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Physical Development Milestones Cheat Sheet by

Children Early Age Development Milestones
development     child     milestones

Introd­uction

Physical develo­pment in young children, usually mean two things: the process by which children grow physic­ally, and their increasing skill at performing a range of various motor tasks, using their large and small muscles. As their large muscles develop, children go from rolling over to riding a tricycle. As their small muscles develop, children go from grasping a rattle to stringing beads or writing.

This document will give you some inform­ation about what children are typically doing at various ages and stages in their physical develo­pment. It is only a guideline and some children mature slower or faster. If the child is seriously off in their develo­pment profes­sional advise should be sought.
Important: Inform­ation mentioned here under Physical Develo­pment can also have an impact on Cognitive Develo­pment as well as Social and Emotional Develo­pment

Birth to 12 Months

The first year of life is a time of rapid growth and develo­pment in the physical area. During this time children are developing the physical skills they need in order to explore and learn from their enviro­nment. Physical develo­pment centers on large and small muscle develo­pment.

By 4 months:

· Grasps rattle or finger
· Lifts head and chest when lying on stomach
· Rolls over
· Sits with support

By 8 months:

· Drinks from cup with help
· Gets on hands and knees in a crawling position
· Rolls from back to stomach and stomach to back
· Sits without support for a short time
· Uses finger and thumb to pick up objects
 

By 12 months:

· Crawls
· Begins to take some steps
· Pulls to stand
· Reaches for and grasps objects
· Reeds themselves a cracker
· Rolls a ball
· Removes puzzle pieces
· Sits indepe­ndently
· Turns multiple pages in a book

12 to 18 Months

This stage is an exciting time for parents and children. Most children have mastered basic movement skills and are working on refinement of those. During this period most children will be able to:
· Stand alone, sit down, walk indepe­ndently
· Creep up and down stairs
· Throw a ball
· Pull off hat, socks
· Scribble with crayon
· Point to what they want
· Wave bye-bye and clap hands
· Use a spoon, with spilling

18 to 24 Months

Most physical milestones have been achieved at this time and physical growth is centered on further refinement of these skills. By the end of this time period the child may be able to:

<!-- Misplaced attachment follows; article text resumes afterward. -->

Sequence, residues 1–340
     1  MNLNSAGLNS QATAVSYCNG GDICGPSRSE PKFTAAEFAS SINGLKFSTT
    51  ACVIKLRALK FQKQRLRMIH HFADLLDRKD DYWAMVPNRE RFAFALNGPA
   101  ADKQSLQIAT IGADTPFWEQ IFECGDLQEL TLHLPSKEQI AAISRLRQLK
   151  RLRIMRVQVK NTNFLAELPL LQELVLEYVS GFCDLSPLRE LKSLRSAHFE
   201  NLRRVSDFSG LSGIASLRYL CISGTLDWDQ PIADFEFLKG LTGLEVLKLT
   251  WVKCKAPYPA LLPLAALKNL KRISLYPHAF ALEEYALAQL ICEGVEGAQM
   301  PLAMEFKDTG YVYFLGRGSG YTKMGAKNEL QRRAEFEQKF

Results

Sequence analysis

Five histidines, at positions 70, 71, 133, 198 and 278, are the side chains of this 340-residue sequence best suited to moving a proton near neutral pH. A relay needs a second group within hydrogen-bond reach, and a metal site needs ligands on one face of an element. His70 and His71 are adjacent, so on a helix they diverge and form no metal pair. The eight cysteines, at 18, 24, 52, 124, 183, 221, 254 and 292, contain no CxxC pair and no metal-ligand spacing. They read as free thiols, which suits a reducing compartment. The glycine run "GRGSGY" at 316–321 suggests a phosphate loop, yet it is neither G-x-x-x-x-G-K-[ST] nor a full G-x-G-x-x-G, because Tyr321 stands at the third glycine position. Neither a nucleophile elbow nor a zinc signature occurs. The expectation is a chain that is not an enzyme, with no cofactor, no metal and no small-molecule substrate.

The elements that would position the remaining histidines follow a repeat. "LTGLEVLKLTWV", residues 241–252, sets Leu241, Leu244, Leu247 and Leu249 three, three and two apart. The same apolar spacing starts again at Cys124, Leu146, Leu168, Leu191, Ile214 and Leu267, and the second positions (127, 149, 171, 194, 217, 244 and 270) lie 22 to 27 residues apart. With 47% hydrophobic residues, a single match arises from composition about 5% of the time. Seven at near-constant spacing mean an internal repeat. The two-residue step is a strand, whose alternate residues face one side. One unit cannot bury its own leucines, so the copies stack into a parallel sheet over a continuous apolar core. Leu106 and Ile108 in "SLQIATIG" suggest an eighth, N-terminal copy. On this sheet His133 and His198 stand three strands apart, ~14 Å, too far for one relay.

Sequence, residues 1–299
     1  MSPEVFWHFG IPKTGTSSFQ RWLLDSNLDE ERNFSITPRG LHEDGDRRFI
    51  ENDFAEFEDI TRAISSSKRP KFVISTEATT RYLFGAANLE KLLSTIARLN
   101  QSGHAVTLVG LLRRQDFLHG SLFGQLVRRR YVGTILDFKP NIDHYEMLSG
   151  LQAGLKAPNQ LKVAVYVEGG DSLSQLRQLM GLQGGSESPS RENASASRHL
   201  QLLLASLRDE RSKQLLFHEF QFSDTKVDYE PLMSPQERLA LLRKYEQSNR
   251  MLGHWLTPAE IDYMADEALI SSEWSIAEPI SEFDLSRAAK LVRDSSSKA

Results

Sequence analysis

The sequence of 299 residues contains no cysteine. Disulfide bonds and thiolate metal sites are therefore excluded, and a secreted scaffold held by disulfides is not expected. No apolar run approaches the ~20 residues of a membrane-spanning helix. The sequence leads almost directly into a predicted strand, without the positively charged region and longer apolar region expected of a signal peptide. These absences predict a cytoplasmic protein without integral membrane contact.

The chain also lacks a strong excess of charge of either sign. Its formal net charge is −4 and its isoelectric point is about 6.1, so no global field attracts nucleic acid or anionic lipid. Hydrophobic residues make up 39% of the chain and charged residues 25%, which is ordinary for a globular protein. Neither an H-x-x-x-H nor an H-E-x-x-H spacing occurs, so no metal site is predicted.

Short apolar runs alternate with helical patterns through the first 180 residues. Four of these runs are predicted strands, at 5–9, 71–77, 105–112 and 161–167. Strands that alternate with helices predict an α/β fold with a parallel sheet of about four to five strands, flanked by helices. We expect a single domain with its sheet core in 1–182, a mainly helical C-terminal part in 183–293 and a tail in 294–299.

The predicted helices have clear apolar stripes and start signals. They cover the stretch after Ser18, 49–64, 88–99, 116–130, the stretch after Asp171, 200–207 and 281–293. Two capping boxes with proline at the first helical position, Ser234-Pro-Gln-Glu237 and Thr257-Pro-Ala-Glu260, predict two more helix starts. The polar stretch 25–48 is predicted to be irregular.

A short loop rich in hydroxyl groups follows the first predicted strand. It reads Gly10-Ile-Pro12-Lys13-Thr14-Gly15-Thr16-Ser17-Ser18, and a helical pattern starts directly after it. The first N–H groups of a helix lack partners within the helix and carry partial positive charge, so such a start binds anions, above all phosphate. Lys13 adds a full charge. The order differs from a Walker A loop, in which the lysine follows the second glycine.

· Drink from a cup
· Jump
· Kick a ball a short distance
· Manipulate buttons to make toys work
· Open cabinets and boxes
· Ride a tricycle by pushing with their feet
· Run with some falling
· Scribble with more control
· Stack a few blocks
· Walk up steps with help
· Walk well; even or uneven ground
 

24 to 36 Months (2-3 Years)

This is a time of great indepe­ndence and growth. Physical skills are constantly being refined as the child explores his enviro­nment and expands his world. Most children of this age will be able to:
· Attempt to catch a large ball
· Climb a ladder onto a low slide
· Copy a circle using a crayon
· Dress themselves with assistance
· Feed themselves using a spoon and fingers
· Run with little falling
· Pedal a tricycle
· Put on shoes
· Walk up and down stairs by holding the rail

36 to 48 Months (3-4 Years)

Children this age are constantly on the move! Most of them can maneuver through their enviro­nment indepe­ndently and are constantly on! Skills at this time may include:
· Climbing on outdoor play equipment easily
· Catching a six inch ball
· Cut along a line with scissors
· Dressing themselves without much help
· Feeding themselves indepe­ndently using a spoon, fork and dinner knife
· Pedaling and steering a tricycle skillfully
· Grasp a pencil to copy lines or circles
· Running, jumping, hopping and skipping around obstacles with ease

Pre-Ki­nde­rga­rtners (4-5 years

Children's precision of motion improves signif­ica­ntly. Most are able to:
· Build a tall tower of blocks
· Drive pegs into holes
· Draw crosses and circles
· Manipulate clay by making balls, snakes, etc.
Children are now more confident, and most are able to:
· Walk backwards
· Jump forward many times without falling
· Jump on one foot
· Walk up and down stairs without assist­ance, altern­ating feet
· Turn somers­aults
Children develop skills that will help them as they enter school and begin writing. Most can:
· Use safety scissors
· Cut on a line contin­uously
· Copy squares and crosses
· Print a few capital letters

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